With IoT technology moving as fast as it is, there is a lot of new technology to keep up with. It can be difficult to stay informed on the latest tech to facilitate a potential solution. In this article, we will break down four established asset tracking technologies to better understand their ideal use case in asset tracking. As is often the case, some of the newest options are the most expensive, feature rich. Meanwhile, other options have dropped in cost due to large scale adoption. A new generation of Bluetooth Low Energy, (BLE), Radio Frequency Identification (RFID), Long Range (LoRa), and Ultra-Wide Band (UWB) have brought new possibilities to industries hoping to solve the problem of, where did that thing go?
Bluetooth-Low Energy — BLE
First on the list is Bluetooth, which has become increasingly suited towards IoT needs over time with better power efficiency, longer range, and more data throughput. BLE tracker tags can be powered with a coin cell battery and last several years serving as a location beacon.
A Bluetooth gateway can be used to locate those beacons, and triangulate a location. This gateway can relay to a cloud-based solution, or the gateway can be on the device running the app. For instance, retailers can place BLE beacons throughout a store to help customers more easily find items. Then, shoppers can use their phone’s BLE gateway to detect those beacons and display an items location on a map of the store.
Comparatively, a warehouse can use BLE beacons for indoor asset tracking. Since there are no shoppers with smartphones, this solution requires gateways throughout the warehouse. These gateways then communicate to a centralized platform. The relative strength of a beacon is compared by at least three nearby gateways in order to triangulate its position. Since BLE has a short-range, the location is fairly accurate.
Although BLE tags are low power, and broadcast a beacon for several years, the gateways usually are not. And even though BLE 5.0 quadrupled the distance of BLE 4.0, it still only reaches about 40 meters indoors to a gateway. Bluetooth is also a common wireless technology, and therefore somewhat prone to interference.
Radio Frequency Identification — RFID
At this point, RFID is a very commonly used technology for indoor asset tracking. RFID is characterized by very low cost tags that do not require any batteries, and a powerful receiver that acts as a checkpoint. One familiar example of RFID are the anti-theft tags used at the entry of retail stores that beep if a tag was not properly deactivated.
In an industrial application, RFID tags can be attached to products at the start of their manufacturing process. The receiver can be placed at various quality control checkpoints. Some logistics providers even comply with RFID scanning at milestone locations. Though, even if not, these low-cost tags are disposable at the end of their journey through the warehouse.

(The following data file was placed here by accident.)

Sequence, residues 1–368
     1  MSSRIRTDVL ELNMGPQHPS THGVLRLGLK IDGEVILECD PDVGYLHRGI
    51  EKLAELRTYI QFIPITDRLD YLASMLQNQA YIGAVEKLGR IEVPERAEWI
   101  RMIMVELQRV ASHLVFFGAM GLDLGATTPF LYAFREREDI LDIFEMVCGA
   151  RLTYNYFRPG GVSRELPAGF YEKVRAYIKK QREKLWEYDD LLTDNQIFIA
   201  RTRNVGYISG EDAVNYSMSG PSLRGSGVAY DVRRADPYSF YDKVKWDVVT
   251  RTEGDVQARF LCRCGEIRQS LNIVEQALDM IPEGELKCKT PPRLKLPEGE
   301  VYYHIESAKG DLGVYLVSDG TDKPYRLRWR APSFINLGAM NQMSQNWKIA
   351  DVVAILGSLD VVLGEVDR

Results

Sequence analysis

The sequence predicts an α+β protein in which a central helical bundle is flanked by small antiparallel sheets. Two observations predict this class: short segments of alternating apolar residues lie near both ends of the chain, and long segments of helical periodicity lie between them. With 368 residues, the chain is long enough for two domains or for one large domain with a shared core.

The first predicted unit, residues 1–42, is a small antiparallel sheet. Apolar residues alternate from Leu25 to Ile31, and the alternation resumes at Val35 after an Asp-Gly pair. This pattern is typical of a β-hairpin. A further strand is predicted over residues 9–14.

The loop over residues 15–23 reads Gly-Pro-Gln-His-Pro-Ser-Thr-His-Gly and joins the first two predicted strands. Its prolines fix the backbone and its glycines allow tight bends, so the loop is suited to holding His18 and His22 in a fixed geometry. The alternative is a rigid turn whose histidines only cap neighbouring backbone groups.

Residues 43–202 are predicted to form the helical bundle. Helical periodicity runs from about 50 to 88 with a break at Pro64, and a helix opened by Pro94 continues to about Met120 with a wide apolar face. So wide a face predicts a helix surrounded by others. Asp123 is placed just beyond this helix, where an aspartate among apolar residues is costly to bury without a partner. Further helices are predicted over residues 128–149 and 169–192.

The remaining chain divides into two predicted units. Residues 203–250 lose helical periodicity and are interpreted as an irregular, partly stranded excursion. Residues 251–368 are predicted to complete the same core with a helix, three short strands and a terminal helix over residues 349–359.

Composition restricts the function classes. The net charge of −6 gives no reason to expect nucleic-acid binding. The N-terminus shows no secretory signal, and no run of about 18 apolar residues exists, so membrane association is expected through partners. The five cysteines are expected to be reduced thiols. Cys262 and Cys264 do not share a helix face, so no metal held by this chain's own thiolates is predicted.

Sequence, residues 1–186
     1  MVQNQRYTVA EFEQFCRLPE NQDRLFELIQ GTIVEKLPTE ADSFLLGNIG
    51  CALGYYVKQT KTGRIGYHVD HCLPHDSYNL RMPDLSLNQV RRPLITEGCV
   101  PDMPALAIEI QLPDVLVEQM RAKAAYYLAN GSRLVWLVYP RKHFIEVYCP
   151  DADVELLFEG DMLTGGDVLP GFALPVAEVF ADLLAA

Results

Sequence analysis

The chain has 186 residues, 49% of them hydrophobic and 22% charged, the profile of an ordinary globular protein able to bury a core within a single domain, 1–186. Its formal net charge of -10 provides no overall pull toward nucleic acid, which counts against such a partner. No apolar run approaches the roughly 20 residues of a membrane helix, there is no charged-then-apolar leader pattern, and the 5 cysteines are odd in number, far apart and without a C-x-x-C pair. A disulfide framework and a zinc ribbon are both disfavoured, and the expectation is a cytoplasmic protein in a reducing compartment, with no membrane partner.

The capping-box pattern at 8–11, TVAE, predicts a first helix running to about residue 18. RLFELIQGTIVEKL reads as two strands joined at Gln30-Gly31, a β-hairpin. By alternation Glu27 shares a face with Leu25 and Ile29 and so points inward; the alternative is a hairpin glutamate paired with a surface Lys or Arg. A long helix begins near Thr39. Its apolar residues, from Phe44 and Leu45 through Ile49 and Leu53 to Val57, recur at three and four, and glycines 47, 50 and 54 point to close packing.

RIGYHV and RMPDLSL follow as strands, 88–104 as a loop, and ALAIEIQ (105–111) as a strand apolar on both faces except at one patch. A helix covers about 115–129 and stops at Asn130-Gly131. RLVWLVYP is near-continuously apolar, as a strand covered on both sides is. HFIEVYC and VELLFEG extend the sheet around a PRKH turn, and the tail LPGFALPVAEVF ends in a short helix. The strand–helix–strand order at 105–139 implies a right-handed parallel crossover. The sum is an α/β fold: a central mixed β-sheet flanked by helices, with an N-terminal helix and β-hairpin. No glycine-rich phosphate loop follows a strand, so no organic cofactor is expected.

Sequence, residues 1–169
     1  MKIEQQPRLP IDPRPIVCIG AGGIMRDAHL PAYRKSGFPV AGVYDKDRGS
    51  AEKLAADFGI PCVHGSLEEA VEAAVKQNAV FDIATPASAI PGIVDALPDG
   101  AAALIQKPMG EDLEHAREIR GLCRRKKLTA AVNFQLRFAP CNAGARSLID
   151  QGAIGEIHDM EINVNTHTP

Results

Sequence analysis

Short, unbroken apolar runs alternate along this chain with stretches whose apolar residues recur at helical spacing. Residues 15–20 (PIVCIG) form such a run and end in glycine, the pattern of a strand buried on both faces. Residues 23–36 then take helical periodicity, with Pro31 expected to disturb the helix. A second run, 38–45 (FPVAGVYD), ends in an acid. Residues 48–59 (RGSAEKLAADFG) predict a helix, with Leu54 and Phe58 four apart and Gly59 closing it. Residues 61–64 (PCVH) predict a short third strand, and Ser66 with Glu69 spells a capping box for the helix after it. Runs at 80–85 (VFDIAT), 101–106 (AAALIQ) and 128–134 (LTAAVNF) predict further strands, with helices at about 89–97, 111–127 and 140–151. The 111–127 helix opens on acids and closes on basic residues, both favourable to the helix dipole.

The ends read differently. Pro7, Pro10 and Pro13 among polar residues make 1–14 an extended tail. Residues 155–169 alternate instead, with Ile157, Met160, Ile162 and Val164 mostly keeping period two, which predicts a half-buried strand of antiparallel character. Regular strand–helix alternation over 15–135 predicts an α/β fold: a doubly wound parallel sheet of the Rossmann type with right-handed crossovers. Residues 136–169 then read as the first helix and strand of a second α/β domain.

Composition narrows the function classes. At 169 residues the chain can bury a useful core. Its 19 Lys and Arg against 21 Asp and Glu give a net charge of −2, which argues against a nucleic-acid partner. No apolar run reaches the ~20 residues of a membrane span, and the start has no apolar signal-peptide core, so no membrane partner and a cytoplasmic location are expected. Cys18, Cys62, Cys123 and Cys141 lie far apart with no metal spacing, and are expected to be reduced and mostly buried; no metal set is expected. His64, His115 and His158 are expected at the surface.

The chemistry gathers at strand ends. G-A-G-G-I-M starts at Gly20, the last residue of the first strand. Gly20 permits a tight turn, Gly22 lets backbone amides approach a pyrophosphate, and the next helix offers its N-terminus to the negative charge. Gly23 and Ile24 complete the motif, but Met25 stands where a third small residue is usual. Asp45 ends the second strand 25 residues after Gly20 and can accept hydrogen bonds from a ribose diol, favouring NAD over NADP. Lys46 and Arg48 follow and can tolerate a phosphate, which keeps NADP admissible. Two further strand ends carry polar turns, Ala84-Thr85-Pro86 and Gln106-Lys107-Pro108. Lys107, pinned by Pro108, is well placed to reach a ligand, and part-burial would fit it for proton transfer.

RFID is traditionally used mostly to know whether an asset is in a room or a closed location. The technology can be used for asset tracking as well, but it may not be the best solution in terms of accuracy and deployment cost.
Long Range — LoRa
LoRa might be one of the lesser known technologies on the list, but it may be the most interesting. As its name suggests, LoRa is suited for long rage applications, much wider than Bluetooth, and even WiFi. LoRa also has advantages in penetrating the walls of buildings too.
LoRa has its roots in its development to solve issues specific to machine to machine (M2M) communication and IoT devices. It falls under the umbrella technologies to this end, known as Low Power Wide Area Networks, or LPWAN. This LPWAN technology addresses many of the issues faced by indoor asset tracking platforms by targeting the root causes that IoT devices usually face. Namely, limited indoor range, poor battery life, and expensive tags, which prevented widespread IoT adoption.
In commercial use, LoRa tags can cover the area around an entire facility, or up to an entire city. The LPWAN allows tags to transmit small amounts data at a low power consumption. As a benefit of this, LoRa gateways require less power to communicate with the tags, leading to even better battery life than BLE gateways.
Even though LoRa was developed within IoT and M2M in mind, it is not perfect by any means. As it relates to indoor asset tracking, LoRa can provide acceptable location, but is not as precise as the newest BLE tags. Also, as major cellular providers begin to zero-in on the technology demands of the consumer IoT market, there will be major competition in the years to come.